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J Commun Disord. 2012 Sep-Oct;45(5):325-39. doi: 10.1016/j.jcomdis.2012.06.002. Epub 2012 Jun 16.

Measuring working memory deficits in aphasia.

Author information

1
School of Allied Health and Communicative Disorders, Northern Illinois University, DeKalb, IL 60115, USA. jmayer1@niu.edu

Abstract

PURPOSE:

Many adults with aphasia demonstrate concomitant deficits in working memory (WM), but such deficits are difficult to quantify because of a lack of validated measures as well as the complex interdependence between language and WM. We examined the feasibility, reliability, and internal consistency of an n-back task for evaluating WM in aphasia, then explored the influence of domain-general (WM load, reaction time, age) and domain-specific (language) factors.

METHOD:

Fourteen adults with aphasia and 12 age-and education-matched controls completed n-back tasks varying in stimulus type (high-frequency, low-frequency, or non-nameable stimuli) and WM load (0-, 1-, and 2-back). Data analyses explored the impact of these variables within and across participants and groups.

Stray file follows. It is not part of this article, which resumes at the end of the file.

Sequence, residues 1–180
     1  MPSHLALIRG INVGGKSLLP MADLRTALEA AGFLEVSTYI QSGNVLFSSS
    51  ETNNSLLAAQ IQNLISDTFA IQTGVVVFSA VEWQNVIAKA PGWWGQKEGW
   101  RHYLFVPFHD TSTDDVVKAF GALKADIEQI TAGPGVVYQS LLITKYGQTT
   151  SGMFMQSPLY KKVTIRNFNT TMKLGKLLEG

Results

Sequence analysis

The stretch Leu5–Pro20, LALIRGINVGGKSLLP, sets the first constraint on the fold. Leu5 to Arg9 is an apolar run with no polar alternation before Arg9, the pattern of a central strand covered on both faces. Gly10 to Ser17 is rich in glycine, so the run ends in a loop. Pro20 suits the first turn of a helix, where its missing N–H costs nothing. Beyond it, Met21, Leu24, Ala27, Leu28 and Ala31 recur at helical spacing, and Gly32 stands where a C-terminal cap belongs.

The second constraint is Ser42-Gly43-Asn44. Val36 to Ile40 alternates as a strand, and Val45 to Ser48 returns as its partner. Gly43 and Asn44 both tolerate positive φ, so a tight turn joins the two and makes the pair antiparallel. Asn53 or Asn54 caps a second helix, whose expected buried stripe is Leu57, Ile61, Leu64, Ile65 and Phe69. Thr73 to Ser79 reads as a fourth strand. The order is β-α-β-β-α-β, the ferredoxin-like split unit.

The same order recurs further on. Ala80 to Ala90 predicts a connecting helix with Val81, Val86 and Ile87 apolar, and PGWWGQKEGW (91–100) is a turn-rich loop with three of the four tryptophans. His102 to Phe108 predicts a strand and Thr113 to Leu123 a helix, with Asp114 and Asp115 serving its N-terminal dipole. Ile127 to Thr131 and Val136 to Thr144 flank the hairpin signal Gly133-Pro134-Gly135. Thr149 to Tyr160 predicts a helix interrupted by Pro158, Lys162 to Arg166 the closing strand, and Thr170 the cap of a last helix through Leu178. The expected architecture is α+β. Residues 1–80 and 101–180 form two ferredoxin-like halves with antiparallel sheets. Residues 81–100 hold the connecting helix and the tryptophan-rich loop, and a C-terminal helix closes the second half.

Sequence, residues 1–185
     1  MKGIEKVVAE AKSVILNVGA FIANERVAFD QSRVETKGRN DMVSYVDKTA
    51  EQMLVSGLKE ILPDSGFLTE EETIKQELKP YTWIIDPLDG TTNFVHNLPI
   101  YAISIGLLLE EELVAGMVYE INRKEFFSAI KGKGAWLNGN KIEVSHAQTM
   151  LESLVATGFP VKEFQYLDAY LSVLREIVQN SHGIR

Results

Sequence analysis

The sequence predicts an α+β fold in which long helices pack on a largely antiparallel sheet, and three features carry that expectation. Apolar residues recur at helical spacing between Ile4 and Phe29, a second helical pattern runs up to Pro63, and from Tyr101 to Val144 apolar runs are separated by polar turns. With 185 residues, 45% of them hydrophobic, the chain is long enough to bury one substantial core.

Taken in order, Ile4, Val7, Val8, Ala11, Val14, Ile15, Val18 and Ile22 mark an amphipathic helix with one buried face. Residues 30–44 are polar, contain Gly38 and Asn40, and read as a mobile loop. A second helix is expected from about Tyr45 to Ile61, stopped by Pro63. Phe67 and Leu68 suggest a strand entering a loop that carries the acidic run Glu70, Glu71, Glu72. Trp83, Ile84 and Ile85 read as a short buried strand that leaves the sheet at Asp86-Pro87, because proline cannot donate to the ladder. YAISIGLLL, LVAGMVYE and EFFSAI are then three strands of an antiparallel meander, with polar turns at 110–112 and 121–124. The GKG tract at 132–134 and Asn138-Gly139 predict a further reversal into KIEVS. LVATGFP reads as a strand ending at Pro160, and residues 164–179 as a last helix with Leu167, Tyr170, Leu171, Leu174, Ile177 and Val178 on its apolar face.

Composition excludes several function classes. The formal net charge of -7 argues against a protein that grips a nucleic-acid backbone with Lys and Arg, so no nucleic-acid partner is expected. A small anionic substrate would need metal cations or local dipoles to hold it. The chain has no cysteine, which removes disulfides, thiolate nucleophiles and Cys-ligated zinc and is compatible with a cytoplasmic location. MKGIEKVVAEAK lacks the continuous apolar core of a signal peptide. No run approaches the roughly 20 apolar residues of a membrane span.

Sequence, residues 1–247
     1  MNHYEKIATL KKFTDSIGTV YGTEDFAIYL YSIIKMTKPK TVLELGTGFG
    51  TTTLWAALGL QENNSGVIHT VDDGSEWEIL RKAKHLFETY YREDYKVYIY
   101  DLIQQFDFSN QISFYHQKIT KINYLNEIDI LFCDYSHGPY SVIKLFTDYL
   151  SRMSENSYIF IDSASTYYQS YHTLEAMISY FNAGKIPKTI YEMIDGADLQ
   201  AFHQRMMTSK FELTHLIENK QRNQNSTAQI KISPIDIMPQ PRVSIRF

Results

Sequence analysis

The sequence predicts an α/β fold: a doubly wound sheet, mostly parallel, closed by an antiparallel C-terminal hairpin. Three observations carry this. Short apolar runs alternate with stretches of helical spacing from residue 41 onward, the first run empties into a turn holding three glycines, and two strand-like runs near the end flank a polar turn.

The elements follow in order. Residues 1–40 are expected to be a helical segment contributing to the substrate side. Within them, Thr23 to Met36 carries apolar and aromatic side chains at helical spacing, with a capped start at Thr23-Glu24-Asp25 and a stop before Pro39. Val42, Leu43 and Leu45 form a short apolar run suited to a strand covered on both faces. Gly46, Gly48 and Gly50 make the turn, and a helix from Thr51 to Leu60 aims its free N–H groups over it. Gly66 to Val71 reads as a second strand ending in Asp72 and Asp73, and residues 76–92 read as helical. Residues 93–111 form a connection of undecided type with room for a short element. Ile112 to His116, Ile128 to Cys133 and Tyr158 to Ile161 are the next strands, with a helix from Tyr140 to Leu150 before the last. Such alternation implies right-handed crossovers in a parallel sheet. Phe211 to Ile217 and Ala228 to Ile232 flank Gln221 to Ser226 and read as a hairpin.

RESULTS:

n-Back scores were collectively reliable across conditions. Both groups performed similarly across stimulus types with significantly greater WM accuracy for nameable versus non-nameable stimuli. Compared to the controls, adults with aphasia were significantly more affected by increasing WM load. RT effects generally paralleled accuracy data, whereas age effects were inconsistent across tasks.

CONCLUSIONS:

These data are consistent with WM deficits in aphasia, for which the n-back task holds promise for clinical quantification.

LEARNING OUTCOMES:

Readers will be able to: (a) define working memory, (b) discuss the difficulty inherent in removing language from a complex cognitive task, and (c) describe how the n-back task may contribute to measuring working memory capacity in individuals with aphasia.

PMID:
22771135
DOI:
10.1016/j.jcomdis.2012.06.002
[Indexed for MEDLINE]

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